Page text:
e don’t want to bury the lead: Murray Energy is likely to file for bankruptcy or re-organize and the BDC lenders involved are going to absorb some rather large losses. On September 10, 2019 the Wall Street Journal’s bankruptcy publication reported that the privately-held coal miner had hired Kirkland & Ellis and Evercore to assess restructuring options.
That follows a recent downturn in the short term prospects for the U.S. coal industry, according to Moody’s and as reported by S&P… That’s not to mention the obvious secular decline in the prospects for coal mining and coal usage. Previously in 2019 , the rating groups had downgraded the company’s debt to SD or Selective Default, so the writing has been on the wall.
BDC exposure totals $52.4mn, spread over 6 BDCs. These include publicly traded FS-KKR Capital (FSK) and three sister non-traded BDCs funds (FSIC II, FSIC III and FSIC IV but not – surprisingly – FS Energy). Then there are two others: Cion Investment and Business Development Corporation Of America.The exposure is in two different loans, one which matures in 2021 and the other in 2022. The debt has been on our under-performing list since IVQ 2018 and is currently rated CCR 4 (Worry List), where the chances of an eventual loss are greater than a full recovery.
As of June 2019, the 2021 debt was carried at par but the 2022 debt was discounted by a third. Currently, though, the 2022 debt trades at twice that discount, suggesting holders are not optimistic. We wouldn’t be surprised to see the 2022 debt fully written off once the dust settles, which would result in ($8.5mn) of further losses and ($12.5mn) in Realized Losses, to be absorbed by Cion and BDCA. Less clear is what might happen to the 2021 debt, which still trades at par. We won’t speculate at this point but will point out that – overall – $5.5mn of annual investment income is at risk.
In any case, we expect we’ll be discussing Murray Energy again in the weeks ahead.
On April 16, 2019, SolAero Technologies, ” a leading provider of satellite solar power and structural solutions” , announced by press release a new financing arrangement which will cede control of the business to a new group of investors/lenders. The new group includes the Carlyle Group, GSO Capital Partners LP, First Eagle Private Credit LLC and Ares Management Corporation.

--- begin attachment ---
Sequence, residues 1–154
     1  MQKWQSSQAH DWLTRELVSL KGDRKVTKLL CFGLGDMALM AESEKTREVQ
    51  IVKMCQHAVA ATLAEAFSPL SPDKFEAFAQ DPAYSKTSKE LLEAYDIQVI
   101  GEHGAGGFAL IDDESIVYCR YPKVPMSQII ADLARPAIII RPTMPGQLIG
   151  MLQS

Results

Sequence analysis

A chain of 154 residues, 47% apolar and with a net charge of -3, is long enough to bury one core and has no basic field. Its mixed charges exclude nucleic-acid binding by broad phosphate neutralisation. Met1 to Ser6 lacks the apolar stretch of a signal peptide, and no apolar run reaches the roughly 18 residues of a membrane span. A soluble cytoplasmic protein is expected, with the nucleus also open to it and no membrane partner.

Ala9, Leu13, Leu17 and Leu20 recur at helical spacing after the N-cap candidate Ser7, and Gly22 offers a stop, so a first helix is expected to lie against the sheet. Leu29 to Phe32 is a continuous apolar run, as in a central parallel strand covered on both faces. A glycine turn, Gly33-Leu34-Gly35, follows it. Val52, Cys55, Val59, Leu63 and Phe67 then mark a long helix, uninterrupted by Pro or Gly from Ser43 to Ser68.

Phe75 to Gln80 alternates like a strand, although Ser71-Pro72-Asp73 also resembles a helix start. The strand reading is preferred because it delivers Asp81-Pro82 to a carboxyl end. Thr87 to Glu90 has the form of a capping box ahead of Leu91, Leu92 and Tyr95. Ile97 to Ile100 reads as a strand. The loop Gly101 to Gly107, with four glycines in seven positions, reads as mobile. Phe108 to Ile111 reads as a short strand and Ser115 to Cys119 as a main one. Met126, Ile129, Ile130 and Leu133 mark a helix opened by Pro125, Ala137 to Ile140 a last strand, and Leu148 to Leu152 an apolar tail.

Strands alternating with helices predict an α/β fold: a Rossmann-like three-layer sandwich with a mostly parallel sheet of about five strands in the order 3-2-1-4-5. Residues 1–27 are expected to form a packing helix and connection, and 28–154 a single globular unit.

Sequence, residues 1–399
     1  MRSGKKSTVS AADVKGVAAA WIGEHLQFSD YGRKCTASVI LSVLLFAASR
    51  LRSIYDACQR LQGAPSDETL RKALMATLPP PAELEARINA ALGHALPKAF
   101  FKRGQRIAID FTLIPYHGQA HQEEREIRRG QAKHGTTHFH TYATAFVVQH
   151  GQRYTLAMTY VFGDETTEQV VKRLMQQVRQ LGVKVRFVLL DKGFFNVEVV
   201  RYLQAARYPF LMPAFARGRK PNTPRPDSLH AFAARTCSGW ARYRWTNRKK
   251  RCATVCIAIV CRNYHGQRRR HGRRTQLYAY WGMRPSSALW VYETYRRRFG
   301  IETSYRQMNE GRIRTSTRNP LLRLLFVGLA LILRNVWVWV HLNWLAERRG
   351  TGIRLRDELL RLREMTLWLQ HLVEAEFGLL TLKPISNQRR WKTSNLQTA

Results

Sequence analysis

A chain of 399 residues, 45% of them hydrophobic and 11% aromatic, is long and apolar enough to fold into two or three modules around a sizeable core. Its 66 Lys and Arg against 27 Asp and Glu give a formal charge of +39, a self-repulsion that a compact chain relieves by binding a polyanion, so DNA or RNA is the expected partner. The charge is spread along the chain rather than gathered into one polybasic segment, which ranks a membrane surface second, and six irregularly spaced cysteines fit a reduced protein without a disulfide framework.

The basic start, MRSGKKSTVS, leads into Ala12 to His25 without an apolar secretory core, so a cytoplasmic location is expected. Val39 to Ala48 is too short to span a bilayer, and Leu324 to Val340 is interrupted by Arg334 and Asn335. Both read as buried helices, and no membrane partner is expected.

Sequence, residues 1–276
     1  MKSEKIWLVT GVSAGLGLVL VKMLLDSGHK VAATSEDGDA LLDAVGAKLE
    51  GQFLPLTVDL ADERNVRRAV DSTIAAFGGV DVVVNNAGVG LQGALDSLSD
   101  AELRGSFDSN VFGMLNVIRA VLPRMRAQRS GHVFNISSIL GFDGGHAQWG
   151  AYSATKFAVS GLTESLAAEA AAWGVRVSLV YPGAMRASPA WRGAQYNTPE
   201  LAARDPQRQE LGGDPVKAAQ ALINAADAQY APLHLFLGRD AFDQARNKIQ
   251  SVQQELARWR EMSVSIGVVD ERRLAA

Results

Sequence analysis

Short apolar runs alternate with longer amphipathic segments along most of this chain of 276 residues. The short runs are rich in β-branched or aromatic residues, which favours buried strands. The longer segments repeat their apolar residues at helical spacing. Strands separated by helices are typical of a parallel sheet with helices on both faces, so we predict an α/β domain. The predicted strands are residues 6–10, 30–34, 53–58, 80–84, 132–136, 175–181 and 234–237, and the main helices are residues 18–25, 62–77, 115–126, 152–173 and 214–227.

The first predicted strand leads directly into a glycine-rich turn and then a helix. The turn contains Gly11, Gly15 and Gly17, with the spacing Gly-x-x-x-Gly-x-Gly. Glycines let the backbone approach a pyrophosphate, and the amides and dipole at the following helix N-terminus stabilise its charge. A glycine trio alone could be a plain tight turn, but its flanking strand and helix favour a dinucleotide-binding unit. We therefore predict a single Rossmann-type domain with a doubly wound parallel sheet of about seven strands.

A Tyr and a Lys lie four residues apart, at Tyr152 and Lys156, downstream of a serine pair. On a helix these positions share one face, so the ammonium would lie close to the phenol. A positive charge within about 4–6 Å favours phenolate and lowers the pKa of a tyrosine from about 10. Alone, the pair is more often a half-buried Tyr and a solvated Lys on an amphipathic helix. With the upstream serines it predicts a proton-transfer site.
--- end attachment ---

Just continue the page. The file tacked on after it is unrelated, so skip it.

This allowed the company to restructure its debt – most of which was on non accrual. Based on a review of the IIQ 2019 10-Q, the only BDC with exposure – TCG BDC (CGBD) – seems to have booked an interim Realized Loss of ($9.1mn) and been left with $22mn of debt and equity in the restructured entity. The debt is carried at par, but we’re still keeping the company on the under-performing list with a Corporate Credit Rating of 3, till we see real improvements in the business. Solar has been a graveyard for capital and this story is only half told.
As is often the case where CGBD is concerned, none of the above was discussed on the latest (IIQ 2019) Conference Call or in any earlier communication with shareholders. Unfortunately, asset managers that have sprung out of private equity origins can be close mouthed about sharing investment details with public shareholders. It just goes against all their training. All the better for justifying the BDC Credit Reporter to our readers , so we’re not complaining.
On August 6, 2019, TCG BDC (CGBD) reported IIQ 2019 results, including placing its first lien debt to dental services chain Dimensional Dental Management on non accrual. This debt has been on the books since IQ 2016, and on the under-performing list from IIIQ 2018. We have no information from CGBD as to what’s going wrong in the PE-owned company, but a (37%) discount, up from (15%) just a quarter before, suggests a loss is more likely than not when the smoke clears. CGBD has already been deprived of $3.0mn of annualized investment income, and could yet lose some substantial portion of the $33.3mn at cost, currently valued at $20.9mn.
With the release of TCG BDC’s (CGBD) 10-Q on August 8, 2019, we see that the first lien debt held by the Carlyle BDC has been placed on non-accrual and written down on an unrealized basis by (57%). Ares Capital (ARCC), which has both first and second lien debt outstanding – also on non accrual in both case – has discounted the former by (42%) and (94%). All this augurs badly for the two BDCs. If all continues to go poorly for Indra – which owns clothes manufacturer Totes Isotoner – the second lien loan ($65mn at cost) and most of the senior debt ($25mn) could become a Realized Loss, and relatively soon. At least, this troubled debt will no longer have any income impact on either BDC going forward. Nonetheless, if things don’t turn around for Indra, these loans – on the books since 2014 – promise to be major reverses for ARCC and CGBD and for their credit underwriting track records.